Amazon Beats Apple And Google To The Locker Room (Just To Find Out The Race Hasn’t Even Started Yet)
Amazon has just beaten Apple and Google to market with a cloud-based music locker service. As with the anticipated Apple and Google services, the Amazon cloud music product enables users to upload and stream their music on multiple devices (in this instance, on PCs, Macs, and Android phones and tablets – though not iPhones nor iPads). All US Amazon customers start with 5GB free and can then upgrade for $20 a year to 20GB, but buying an MP3 album at Amazon will automatically give the extra 20GB for free.
There are, of course, rights controversies around locker services. Digital music stalwart Michael Robertson is currently locked in legal combat with EMI over his cloud locker service MP3Tunes. The important factor with this service is that Amazon requires customers to upload their music file by file and store them rather than matching them against a cloud-based central repository of music, much in the same way that Carphone Warehouse currently does in the UK with its Catch Media-powered cloud locker service. (Which can be a pretty painful process for users. Remember the first time you ripped all of your CD collection? Now imagine doing that over the Internet . . .)
The rights issues, though of course important, aren’t the really interesting points here. What is interesting is why Amazon has done this, and what this means for the wider digital music marketplace.
First, Amazon has done this as part of building a long-term music revenue relationship with its customers. It's lost most of the digital spend of its CD buyers to iTunes, and whilst it's been aggressive and innovative with its download store, it isn’t close to toppling Apple’s iTunes supremacy. Amazon of course lacks the device play in music that it has in books. This lack of a broader music ecosystem has weakened its ability to drive success of its MP3 store. A locker service is effectively an alternative way to build an ecosystem that ties customers in — hence the strong bundling with the MP3 store: just 1 MP3 album gets you $20 worth of storage. That looks like a pretty good deal to me.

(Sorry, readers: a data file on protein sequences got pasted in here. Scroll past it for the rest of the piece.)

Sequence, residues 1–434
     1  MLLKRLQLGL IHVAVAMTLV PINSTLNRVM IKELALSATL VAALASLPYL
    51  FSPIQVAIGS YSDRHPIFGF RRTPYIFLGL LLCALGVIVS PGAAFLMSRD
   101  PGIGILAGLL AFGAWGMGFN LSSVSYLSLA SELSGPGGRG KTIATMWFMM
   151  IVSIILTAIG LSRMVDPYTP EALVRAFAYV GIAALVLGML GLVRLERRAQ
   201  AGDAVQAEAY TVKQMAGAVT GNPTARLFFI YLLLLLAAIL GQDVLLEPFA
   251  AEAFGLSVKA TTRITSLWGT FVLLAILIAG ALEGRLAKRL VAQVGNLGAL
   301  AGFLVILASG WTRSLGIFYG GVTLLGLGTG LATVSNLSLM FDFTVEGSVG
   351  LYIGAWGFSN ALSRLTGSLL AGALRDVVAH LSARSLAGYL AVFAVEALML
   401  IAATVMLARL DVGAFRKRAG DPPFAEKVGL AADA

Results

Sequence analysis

Some time in the future, buying units of music (CDs or downloads) won’t be the main revenue source for music. Amazon needs to establish a strong post-CD role for its music customers (music is, of course, the entry point for higher-consideration, higher-margin purchases). This smartly positioned locker service is an important first step in building that future role.
But let’s not get carried away. As logical a next step in the digital music market as locker services might be, they’re not an innovation in the music product. They’re simply giving people access to the music they have on the devices they own. Consumers simply expect this. In fact, according to Forrester’s surveys, fewer people are willing to pay for a music service that works across all their devices than they are for a standard music service. Sounds crazy right? But it shows just how much consumers expect this sort of utility as standard.
Which is why Amazon’s positioning (some storage space free to all customers and then more free with album purchases) is exactly right.
But still, locker services are not what will "save the music industry." What will is a generation of interactive, high-quality music experiences, such as that launched by EMI last week. Future digital music products need to have SPARC: Social, Participative, Accessible, Relevant, Connected. Amazon just ticked off the C.
Like it or loathe it, seamless multidevice access has just become table stakes, not the next great leap forward.